Donation goes toward helping improve infant mortality rates in Fort Wayne

Indiana ranks 41st in incidents of infant mortality nationally. Allen County comes in as one of the highest places for this to happen in the state. With additional funding, a partnership with Riley's Children’s Foundation is hoping to help babies survive.

Posted: Aug 13, 2019 7:34 PM
Updated: Aug 14, 2019 8:37 AM

FORT WAYNE, Ind. (WFFT) - The Be The Hope Now Campaign helping parents in Indianapolis is making its way to Fort Wayne.

"We're really excited to be launching this in Fort Wayne. They've had great success in Indianapolis in helping childcare centers provide safe sleep environments for their babies as a way of tackling infant mortality in the community," Paige Wilkins executive director for Healthier Moms and Babies said.

Allen County's infant mortality rate is 7.3 deaths per 1,000 births which is 25% higher than the national average of 5.8.
Philanthropists Larry Lee, Richard D Waterfield, and others donated $400,000 dollars for educational programs to help new parents learn about preventable deaths.

"We have been focusing on those sids rates, specifically safe sleep, because that is one of those most preventable forms. We do see a lot of families reporting unsafe sleep practices such as bed sharing or simply not knowing to put the baby down on his or her back having them alone in the crib with nothing around," Whitney Wynns with the Infant Mortality Child Care Project in Indianapolis said.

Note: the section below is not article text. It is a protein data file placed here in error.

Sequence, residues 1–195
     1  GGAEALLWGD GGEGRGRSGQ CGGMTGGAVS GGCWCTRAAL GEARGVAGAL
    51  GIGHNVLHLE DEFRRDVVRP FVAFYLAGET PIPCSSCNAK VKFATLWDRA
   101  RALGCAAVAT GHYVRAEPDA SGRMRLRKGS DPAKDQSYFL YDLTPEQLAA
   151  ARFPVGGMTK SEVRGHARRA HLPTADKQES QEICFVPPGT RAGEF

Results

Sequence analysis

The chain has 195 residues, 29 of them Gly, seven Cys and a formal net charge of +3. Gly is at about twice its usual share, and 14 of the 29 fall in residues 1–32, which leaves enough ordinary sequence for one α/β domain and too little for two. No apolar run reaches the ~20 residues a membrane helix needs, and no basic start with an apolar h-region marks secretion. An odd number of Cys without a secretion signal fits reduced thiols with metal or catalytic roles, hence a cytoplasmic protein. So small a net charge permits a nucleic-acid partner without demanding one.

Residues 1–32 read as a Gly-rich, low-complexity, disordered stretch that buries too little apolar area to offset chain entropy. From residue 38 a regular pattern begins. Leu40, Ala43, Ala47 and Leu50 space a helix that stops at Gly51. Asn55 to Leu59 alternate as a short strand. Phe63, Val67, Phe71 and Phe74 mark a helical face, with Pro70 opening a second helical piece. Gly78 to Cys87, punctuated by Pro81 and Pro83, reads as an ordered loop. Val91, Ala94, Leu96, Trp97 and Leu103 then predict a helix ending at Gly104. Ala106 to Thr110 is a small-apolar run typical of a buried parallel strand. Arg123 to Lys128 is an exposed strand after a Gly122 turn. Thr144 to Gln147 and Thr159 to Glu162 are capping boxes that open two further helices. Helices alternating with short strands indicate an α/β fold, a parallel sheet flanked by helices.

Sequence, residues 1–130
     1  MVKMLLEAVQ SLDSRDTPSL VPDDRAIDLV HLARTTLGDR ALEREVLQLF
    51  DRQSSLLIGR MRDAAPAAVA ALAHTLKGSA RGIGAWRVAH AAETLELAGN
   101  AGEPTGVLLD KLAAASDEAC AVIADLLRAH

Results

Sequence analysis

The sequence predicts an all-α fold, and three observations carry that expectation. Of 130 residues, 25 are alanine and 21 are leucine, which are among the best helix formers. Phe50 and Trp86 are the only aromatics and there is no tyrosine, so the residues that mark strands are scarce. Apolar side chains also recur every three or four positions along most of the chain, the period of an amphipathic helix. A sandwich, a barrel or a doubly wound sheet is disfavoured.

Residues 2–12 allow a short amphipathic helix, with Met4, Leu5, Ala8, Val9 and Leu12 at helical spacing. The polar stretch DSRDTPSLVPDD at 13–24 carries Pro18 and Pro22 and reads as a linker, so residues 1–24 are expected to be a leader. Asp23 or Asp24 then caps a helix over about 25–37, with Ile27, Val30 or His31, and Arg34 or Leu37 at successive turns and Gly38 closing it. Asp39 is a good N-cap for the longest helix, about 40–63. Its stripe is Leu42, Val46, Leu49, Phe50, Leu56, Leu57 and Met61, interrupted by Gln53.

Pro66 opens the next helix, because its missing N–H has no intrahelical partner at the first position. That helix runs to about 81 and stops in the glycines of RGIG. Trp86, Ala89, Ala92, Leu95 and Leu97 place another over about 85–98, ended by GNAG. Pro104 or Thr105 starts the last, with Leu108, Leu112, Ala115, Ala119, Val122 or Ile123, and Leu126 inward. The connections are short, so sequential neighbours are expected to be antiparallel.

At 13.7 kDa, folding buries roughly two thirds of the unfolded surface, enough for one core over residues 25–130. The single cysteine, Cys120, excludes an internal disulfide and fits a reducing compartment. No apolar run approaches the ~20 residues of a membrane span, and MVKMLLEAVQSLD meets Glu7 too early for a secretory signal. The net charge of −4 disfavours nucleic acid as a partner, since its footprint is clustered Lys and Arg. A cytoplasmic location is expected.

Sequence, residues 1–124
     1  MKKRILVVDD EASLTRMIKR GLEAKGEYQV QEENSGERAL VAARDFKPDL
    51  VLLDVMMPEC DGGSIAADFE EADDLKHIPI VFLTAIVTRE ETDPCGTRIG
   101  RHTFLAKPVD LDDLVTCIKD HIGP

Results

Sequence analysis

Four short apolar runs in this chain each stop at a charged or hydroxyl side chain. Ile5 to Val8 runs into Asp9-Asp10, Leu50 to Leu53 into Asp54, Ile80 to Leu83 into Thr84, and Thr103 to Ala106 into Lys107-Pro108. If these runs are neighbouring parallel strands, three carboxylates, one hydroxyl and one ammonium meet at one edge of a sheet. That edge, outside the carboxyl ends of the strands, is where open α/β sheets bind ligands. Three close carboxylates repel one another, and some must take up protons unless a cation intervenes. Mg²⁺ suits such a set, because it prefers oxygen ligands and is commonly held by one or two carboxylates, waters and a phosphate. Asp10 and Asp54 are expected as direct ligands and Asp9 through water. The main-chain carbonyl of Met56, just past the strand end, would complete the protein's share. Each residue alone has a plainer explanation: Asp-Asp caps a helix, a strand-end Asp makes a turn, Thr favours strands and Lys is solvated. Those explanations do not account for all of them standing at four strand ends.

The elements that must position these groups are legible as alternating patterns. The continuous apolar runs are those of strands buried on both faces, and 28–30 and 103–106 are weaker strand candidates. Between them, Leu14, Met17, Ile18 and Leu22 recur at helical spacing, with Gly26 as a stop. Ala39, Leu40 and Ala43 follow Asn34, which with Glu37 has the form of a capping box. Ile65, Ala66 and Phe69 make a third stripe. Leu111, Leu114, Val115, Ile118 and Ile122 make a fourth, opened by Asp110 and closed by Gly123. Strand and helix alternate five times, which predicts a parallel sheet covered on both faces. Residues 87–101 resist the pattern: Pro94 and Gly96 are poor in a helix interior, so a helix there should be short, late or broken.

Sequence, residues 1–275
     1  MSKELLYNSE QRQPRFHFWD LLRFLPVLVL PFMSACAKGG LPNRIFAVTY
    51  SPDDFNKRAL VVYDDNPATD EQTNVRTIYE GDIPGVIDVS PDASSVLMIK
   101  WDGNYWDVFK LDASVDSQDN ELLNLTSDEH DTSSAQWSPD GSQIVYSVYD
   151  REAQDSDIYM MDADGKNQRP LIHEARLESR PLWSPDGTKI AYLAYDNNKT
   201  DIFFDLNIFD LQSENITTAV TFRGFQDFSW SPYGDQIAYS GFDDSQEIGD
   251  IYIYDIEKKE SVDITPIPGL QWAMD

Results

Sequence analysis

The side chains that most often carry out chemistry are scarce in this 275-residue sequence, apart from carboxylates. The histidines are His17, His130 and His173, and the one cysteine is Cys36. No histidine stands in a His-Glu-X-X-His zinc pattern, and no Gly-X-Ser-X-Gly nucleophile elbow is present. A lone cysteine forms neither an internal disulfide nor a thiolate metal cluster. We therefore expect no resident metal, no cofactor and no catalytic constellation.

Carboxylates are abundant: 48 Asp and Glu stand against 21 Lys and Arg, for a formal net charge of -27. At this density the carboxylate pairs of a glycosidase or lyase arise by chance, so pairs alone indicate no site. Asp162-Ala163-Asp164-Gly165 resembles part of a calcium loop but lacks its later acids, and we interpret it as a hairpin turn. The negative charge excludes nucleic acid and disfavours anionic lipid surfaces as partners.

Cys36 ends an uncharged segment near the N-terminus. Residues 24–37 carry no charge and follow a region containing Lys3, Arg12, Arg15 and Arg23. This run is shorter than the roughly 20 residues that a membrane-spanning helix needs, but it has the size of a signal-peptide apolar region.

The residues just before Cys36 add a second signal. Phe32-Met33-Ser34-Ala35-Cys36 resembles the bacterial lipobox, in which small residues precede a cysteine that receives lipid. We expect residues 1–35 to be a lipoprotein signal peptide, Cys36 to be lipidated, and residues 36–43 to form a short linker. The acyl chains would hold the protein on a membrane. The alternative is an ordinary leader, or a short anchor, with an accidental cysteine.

Places most affected by this tend to be high poverty areas and food deserts.

"Within the 46806 and 46805 zip codes, we'll be working with a lot of at home daycares and child care providers who are trying to work on their paths to quality, but are maybe at a lower level and can't afford the necessary items they need," Wilkins explained.

"The black infant mortality rate is actually 2 to 3 times higher in the overall state of Indiana and specifically in Marion County and here in Fort Wayne," Wynns added.

Knowing that, donor Larry Lee wanted to help.

"The tragedy of any soul not being able to see it's first birthday is something that touches me. It's a problem that is preventable and the issue in mortality in my own home town, it's small enough in terms of the financial resources needed to combat it, I felt I could make a difference," Lee said.

They are hoping to work with child care centers by the end of this year.

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